.45 Schofield

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.45 Schofield
45 Schofield.JPG
.45 Schofield cartridge (right) alongside the .45 Colt
Type Revolver
Place of origin  United States
Service history
In service 1875–1892
Used by US Army
Production history
Designer Smith & Wesson
Designed 1875
Manufacturer Smith & Wesson
Specifications
Case type Rimmed, straight
Bullet diameter .454 in (11.5 mm)
Neck diameter .477 in (12.1 mm)
Base diameter .477 in (12.1 mm)
Rim diameter .522 in (13.3 mm)
Rim thickness .060 in (1.5 mm)
Case length 1.100 in (27.9 mm)
Overall length 1.430 in (36.3 mm)
Rifling twist 1 in 24"
Primer type Large pistol
Ballistic performance
Bullet mass/type Velocity Energy
200 gr (13 g) Lead SWC 859 ft/s (262 m/s) 328 ft·lbf (445 J)
230 gr (15 g) Lead (factory load) 730 ft/s (220 m/s) 276 ft·lbf (374 J)
250 gr (16 g) Lead 710 ft/s (220 m/s) 283 ft·lbf (384 J)
Source(s): "Cartridges of the World"[1] / Accurate Powder[2]

The .45 Schofield or .45 Smith & Wesson is a revolver cartridge developed by Smith & Wesson for their S&W Model 3 American top-break revolver. It is similar to the .45 Colt round though shorter and with a slightly larger rim, and will generally work in revolvers chambered for that cartridge. US government arsenals supplied .45 Schofield cartridges for the Schofield revolver and the Colt Army revolver to simplify their armament needs.[1] 45 Colt cartridges cannot be used in .45 Schofield firearms, since the .45 Colt is a longer cartridge.

History[edit]

This cartridge was originally designed as a black powder round. The Schofield revolver (a variant of the Smith & Wesson Model 3) was patented in the USA on 20 June 1871 and 22 April 1873 by Smith & Wesson. It was a Smith & Wesson Model 3 that was modified by Major George Schofield to make it easier for a cavalryman to reload while riding. While the Colt 45 had more power, the speed at which a cavalryman could reload a Schofield was less than 30 seconds, half of the time for a Colt 45. By 1879, the U. S. Army had purchased 8,285 of the revolvers. Due to its reduced power and recoil compared to the Colt .45, it was easier to shoot accurately, yet still retained effective stopping power on the battlefield. It became the standard cartridge of the Army, though the Colt 1873 still was the main issue side arm of the Army.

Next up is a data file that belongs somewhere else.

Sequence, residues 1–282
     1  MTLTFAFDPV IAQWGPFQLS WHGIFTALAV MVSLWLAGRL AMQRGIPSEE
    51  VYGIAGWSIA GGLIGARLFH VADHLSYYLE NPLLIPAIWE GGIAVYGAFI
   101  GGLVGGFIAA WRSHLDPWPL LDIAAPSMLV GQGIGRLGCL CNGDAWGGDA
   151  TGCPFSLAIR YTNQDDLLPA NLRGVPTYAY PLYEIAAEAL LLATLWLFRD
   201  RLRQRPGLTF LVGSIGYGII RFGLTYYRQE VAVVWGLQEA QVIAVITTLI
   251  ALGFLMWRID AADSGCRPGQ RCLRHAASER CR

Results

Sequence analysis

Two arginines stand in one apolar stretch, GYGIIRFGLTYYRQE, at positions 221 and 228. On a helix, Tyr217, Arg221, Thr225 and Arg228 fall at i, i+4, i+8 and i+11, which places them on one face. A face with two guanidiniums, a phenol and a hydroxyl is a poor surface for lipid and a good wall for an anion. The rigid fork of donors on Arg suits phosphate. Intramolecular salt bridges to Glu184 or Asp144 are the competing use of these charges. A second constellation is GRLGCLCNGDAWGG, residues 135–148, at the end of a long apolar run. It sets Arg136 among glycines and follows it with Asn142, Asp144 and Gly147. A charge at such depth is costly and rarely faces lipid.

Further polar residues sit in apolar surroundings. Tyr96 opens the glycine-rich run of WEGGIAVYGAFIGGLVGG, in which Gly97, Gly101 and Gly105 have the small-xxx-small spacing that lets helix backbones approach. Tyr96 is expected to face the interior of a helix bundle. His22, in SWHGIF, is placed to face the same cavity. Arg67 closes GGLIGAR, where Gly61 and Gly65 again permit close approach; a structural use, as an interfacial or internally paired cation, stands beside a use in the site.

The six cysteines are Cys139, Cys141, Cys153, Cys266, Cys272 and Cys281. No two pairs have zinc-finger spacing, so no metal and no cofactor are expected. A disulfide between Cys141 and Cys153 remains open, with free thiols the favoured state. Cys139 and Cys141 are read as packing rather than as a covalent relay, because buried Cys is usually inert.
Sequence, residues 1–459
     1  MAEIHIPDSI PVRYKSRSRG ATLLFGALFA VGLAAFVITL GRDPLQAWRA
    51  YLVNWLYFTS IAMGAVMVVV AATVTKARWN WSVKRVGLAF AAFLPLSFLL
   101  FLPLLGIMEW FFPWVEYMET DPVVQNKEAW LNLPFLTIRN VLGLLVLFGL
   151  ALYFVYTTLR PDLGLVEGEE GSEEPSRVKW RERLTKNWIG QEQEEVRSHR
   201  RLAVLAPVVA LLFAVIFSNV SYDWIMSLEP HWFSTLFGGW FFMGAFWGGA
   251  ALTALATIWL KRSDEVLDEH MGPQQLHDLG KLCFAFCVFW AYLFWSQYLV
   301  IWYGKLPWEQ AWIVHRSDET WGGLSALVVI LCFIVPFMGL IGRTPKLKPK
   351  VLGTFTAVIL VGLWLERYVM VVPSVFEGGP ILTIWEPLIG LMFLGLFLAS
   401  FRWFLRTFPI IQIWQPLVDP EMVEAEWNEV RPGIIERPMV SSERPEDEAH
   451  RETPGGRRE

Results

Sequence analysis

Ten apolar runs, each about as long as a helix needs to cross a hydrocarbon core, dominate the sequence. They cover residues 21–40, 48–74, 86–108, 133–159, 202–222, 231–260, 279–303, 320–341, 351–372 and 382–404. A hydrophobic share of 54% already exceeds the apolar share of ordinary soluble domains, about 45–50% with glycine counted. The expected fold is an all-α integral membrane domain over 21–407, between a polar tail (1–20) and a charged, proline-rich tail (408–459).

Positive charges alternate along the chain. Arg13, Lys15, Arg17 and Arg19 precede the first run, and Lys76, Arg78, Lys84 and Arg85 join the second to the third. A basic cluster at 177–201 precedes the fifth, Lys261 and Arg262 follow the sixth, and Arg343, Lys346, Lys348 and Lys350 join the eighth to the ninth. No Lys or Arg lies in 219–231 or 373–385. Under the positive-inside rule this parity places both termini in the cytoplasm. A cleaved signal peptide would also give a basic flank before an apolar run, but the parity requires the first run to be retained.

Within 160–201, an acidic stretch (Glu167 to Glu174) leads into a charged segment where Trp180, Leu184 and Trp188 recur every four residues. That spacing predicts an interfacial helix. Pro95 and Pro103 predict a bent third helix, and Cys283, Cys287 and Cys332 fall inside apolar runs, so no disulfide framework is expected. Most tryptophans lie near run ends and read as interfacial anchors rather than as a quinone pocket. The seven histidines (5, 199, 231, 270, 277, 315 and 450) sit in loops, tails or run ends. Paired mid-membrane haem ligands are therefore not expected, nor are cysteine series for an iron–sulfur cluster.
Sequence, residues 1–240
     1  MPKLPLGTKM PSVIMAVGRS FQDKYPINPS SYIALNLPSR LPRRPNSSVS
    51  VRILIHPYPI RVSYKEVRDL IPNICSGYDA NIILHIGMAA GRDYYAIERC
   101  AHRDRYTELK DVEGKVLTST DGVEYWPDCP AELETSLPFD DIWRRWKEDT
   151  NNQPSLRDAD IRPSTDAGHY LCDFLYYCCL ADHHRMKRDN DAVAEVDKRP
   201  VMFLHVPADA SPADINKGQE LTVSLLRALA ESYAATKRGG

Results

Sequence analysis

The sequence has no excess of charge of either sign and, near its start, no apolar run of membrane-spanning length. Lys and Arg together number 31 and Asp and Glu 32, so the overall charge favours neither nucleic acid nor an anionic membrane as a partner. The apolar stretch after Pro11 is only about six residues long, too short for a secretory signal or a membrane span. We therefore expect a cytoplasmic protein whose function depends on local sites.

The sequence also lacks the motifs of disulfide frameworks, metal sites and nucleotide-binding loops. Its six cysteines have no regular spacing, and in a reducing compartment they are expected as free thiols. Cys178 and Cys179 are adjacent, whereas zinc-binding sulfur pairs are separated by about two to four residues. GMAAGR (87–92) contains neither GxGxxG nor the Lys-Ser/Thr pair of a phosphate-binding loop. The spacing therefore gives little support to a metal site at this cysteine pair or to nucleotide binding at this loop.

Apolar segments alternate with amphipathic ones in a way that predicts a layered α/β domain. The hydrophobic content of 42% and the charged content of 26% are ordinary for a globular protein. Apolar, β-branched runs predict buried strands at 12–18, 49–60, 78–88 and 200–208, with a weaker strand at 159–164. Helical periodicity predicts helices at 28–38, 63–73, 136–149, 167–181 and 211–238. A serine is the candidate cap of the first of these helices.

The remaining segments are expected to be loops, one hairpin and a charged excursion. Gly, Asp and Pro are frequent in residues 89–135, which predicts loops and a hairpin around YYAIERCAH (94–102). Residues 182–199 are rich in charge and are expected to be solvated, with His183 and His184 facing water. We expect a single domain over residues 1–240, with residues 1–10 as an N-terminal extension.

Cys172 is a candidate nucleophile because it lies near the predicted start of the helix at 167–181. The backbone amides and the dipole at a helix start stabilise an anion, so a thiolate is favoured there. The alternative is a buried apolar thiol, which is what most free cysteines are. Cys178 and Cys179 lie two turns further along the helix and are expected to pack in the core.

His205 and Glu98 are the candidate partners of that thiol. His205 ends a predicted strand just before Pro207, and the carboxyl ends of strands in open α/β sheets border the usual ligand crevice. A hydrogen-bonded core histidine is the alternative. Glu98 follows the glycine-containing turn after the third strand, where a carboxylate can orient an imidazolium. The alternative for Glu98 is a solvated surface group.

The .45 Schofield cartridge was shorter than the .45 Colt. It could be used in both the Schofield and the Colt 45 Peacemaker, but the .45 Colt was too long to use in the Schofield. As a result, by the 1880s the army finally standardized on a .45 cartridge designed to fire in both revolvers, the M1887 Military Ball Cartridge. The M1887 was made at Frankford Arsenal, and was issued only to the military. It had the shorter case of the Schofield and the reduced rim of the Colt round; as it was short enough to fit the Schofield, and its rim was not needed for the rod-ejector Single Action Army, the M1887 would fire and eject from both revolvers.[3]

The Schofield was quite a popular handgun in the old west, and may have been used by General Custer at the Battle of the Little Bighorn.[1] The effectiveness of the cartridge in battle, and its reputation for shootability and accuracy, led to the duplication of the cartridges' characteristics in the .45 ACP.

Synonyms[edit]

  • .45 S&W
  • .45 S&W Schofield
  • .45 M1877 ball revolver

Many reports indicate that while the .45 S&W cartridge could be used in a gun chambered for the .45 Colt, not every chamber in the gun could be loaded at the same time. Because of the larger diameter rim (.522 inches) on the S&W cartridge, the rims would sometimes interfere with each other when attempting to load every chamber of a .45 Colt chambered revolver. Current production .45 S&W cases have a head diameter larger than .45 Colt but smaller than the originals to circumvent this problem on the Colt Single Action Army revolver.

Because of this, the Frankford Arsenal produced the .45 M1877 Military Ball Cartridge which was identical to the S&W cartridge but had a slightly smaller rim diameter of .512 inches (identical to the rim of the .45 Colt cartridge) which could be used in either the Colt or the S&W revolvers. Production of the .45 Colt cartridge was then discontinued by the Frankford Arsenal with the .45 M1877 ball revolver cartridge being adopted as the only .45 revolver cartridge issued from then on.

In the early 1880s the Benet (inside) cartridge primer was retired and the modern Boxer type (externally visible) primer was adopted for all future military production of revolver ammunition.

See also[edit]

References[edit]

  1. ^ a b c Barnes, Frank C. (1997) [1965]. McPherson, M.L., ed. Cartridges of the World (8th ed.). DBI Books. pp. 270, 275. ISBN 0-87349-178-5. 
  2. ^ ".45 S&W Schofield" data from Accurate Powder.
  3. ^ When the Army began to adopt modern side-loading double-action revolvers, the M1887 round gave occasional ejection trouble, and was replaced in Army use by the M1909 .45 Colt cartridge.

External links[edit]